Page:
It was my first role like this and it was tough - very long, long days that were very emotionally and physically draining. I prepared for the role by digging into some psychology studies, grief studies as I already mentioned, and tried to build the best arch and drive for Maggie as I could. I was also lucky to be able to rehearse with Christian and Dave Mun in LA a few times, which was great. Then on set I just tried to let it go and trust the work the best I could and be open to Dave’s vision. I listened to headphones a lot as music always tugs my heart strings and having to do some of those scenes take after take was not easy.
Marietta Marich, who stepped into the role when Tippi Hedren dropped out of the movie, gives a compelling performance as your neighbour Mrs Anderson. How was she to work with?
OH I LOVE HER SO MUCH! So much. From the moment I met her. She is the most loving, dear woman and so present to every moment. She has a WICKED sense of humor and some amazing stories to tell. We’ve stayed in touch.
There are a couple of scenes where you’re underwater or submerged for some time. Odd question but is the ability to hold your breath underwater one of your special skills???
HA well I never thought about that but maybe I should add it to my skill list! That water was so freezing cold that every second felt like an eternity.
How ‘hands on’ was David Mun as a director? Did he have defined ideas as to how Maggie should be played or developed or did he let you trust your instincts with your own interpretation of the character?
Dave and I have kind of a “stop copying me!” joke that’s been ongoing since we met. We just tended to see eye to eye on a lot of things through the process. We both had ideas and instincts about the character that were often on the same page. Of course, he threw in some wonderful suggestions on how to play certain scenes and from that came some great discoveries at times. He was so calm and articulate on set. If he was ever stressing on the inside, it was hard to tell because he handled himself in such a composed and kind manner.
What would you like audiences to ‘take away’ from the experience of watching the movie - beyond just having a good time?
I hope they see it as a character study more than a horror…. if they are going hoping for a slasher film, that’s not what this is.
The film is, refreshingly, not overly violent. What’s your own view on the subject of violence in the movies?
Well, there are some INCREDIBLE movies out there that also happen to be very violent . I guess I would say if it really serves the story and is necessary, then I am okay with it. I don’t like violence for violence’s sake, if that makes sense?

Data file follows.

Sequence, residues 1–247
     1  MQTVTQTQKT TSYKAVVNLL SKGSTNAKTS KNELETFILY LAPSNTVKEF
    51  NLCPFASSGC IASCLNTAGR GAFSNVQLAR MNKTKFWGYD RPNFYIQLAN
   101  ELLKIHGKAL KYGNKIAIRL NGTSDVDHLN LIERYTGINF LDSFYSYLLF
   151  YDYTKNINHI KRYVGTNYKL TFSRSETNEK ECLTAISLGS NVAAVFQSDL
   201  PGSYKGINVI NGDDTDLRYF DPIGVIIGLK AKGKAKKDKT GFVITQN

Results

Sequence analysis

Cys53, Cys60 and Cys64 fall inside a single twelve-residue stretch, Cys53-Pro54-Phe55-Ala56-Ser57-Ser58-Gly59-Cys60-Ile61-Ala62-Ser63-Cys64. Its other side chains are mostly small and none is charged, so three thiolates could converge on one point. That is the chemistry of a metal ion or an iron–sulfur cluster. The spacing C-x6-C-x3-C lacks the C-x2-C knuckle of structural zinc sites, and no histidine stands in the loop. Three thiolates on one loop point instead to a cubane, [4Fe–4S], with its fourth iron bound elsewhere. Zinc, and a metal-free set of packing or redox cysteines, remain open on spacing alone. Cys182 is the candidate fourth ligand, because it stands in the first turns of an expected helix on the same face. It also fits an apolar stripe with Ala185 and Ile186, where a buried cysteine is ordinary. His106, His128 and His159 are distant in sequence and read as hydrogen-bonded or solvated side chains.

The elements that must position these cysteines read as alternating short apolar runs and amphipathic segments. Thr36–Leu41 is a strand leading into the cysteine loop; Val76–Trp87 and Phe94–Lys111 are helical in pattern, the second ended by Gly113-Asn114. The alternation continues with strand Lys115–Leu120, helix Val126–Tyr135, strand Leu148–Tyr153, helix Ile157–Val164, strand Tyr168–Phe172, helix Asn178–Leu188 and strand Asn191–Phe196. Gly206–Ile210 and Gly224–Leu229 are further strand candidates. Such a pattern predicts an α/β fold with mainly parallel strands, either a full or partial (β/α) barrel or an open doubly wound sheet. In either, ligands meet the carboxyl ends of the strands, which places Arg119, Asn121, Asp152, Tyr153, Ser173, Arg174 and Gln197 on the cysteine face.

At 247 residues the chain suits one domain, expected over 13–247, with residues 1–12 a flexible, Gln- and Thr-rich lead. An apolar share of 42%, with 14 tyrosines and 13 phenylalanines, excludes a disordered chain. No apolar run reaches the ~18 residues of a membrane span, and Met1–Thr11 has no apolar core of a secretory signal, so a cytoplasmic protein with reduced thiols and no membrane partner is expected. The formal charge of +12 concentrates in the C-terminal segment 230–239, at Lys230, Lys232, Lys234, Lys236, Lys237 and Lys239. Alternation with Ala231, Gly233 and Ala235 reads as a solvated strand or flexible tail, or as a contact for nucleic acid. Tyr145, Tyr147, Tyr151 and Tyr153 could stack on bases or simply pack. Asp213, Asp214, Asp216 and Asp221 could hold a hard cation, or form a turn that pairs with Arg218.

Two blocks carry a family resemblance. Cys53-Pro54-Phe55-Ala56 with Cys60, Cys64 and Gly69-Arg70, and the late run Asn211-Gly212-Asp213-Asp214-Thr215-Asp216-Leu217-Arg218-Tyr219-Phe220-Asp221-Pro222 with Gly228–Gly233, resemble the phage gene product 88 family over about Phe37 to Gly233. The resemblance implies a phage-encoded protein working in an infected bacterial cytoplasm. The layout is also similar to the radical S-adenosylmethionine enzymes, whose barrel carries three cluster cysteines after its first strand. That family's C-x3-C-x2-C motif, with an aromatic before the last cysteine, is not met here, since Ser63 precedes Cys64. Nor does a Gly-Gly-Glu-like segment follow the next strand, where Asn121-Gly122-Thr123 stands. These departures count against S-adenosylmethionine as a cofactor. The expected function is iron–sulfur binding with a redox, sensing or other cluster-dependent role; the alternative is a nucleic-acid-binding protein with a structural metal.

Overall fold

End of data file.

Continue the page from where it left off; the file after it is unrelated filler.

There’s a level of ambiguity in the storyline which gives the viewer plenty to ponder over. What do you think actually happens to Maggie, what is it that ‘tips her over the edge’?
Well, there are certainly a couple points - one main one - but that’s hard to answer without giving away the movie. I think once you know how it ends, then you go back and watch it, there are more subtleties to pick up on.
What can audiences look forward to seeing you in next; what’s in the can and what’s in the pipeline?
A couple irons in the fire I can’t talk about, but they can definitely look forward to Beacon Point, releasing late spring, early summer. It’s a feature I shot last summer with director Eric Blue and follows a group of hikers on the appalachian trail who stumble upon an ancient secret. I had a BLAST filming it. Was nice to be with an ensemble vs. solo like House of Good and Evil.
House of Good and Evil is very much an indie movie; is this an area you’d like to stay in? How does the idea of starring in a big budget Hollywood blockbuster appeal?
I would love to do both. I’m not opposed to either as long as I’m compelled by the material. It’s a hard thing for an actor starting out (as I am still very much in the early stages of this), as you don’t always have the luxury of choosing the greatest material. Going forward, I just want to be a part of good stories. That’s my dream, and my goal.
How important is it to you, as an actor, to play strong characters? Do you or are you inclined to actively seek out projects which challenge or stretch you as a performer?
Playing well developed characters is pretty important to me. And yes, growth and stretching are always important as well. I like being challenged.
Any particular roles or types of movie you hanker after playing?
I just loved period pieces growing up - like Jane Austin period pieces. Is it silly to say I’d like to be in one of those? I’m not going to lie, I love rom-coms too. No joke. And especially after House of Good and Evil and Beacon Point, I’d love to do something funny!
HOUSE OF GOOD AND EVIL is available on DVD in the UK on May 12th.
SHARE YOUR COMMENTS BELOW OR ON TWITTER @STARBURST_MAG
Find your local STARBURST stockist HERE, or buy direct from us HERE. For our digital edition (available to read on your iOS, Android, Amazon, Windows 8, Samsung and/or Huawei device - all for just £1.99), visit MAGZTER DIGITAL NEWSSTAND.
FROM AROUND THE WEB: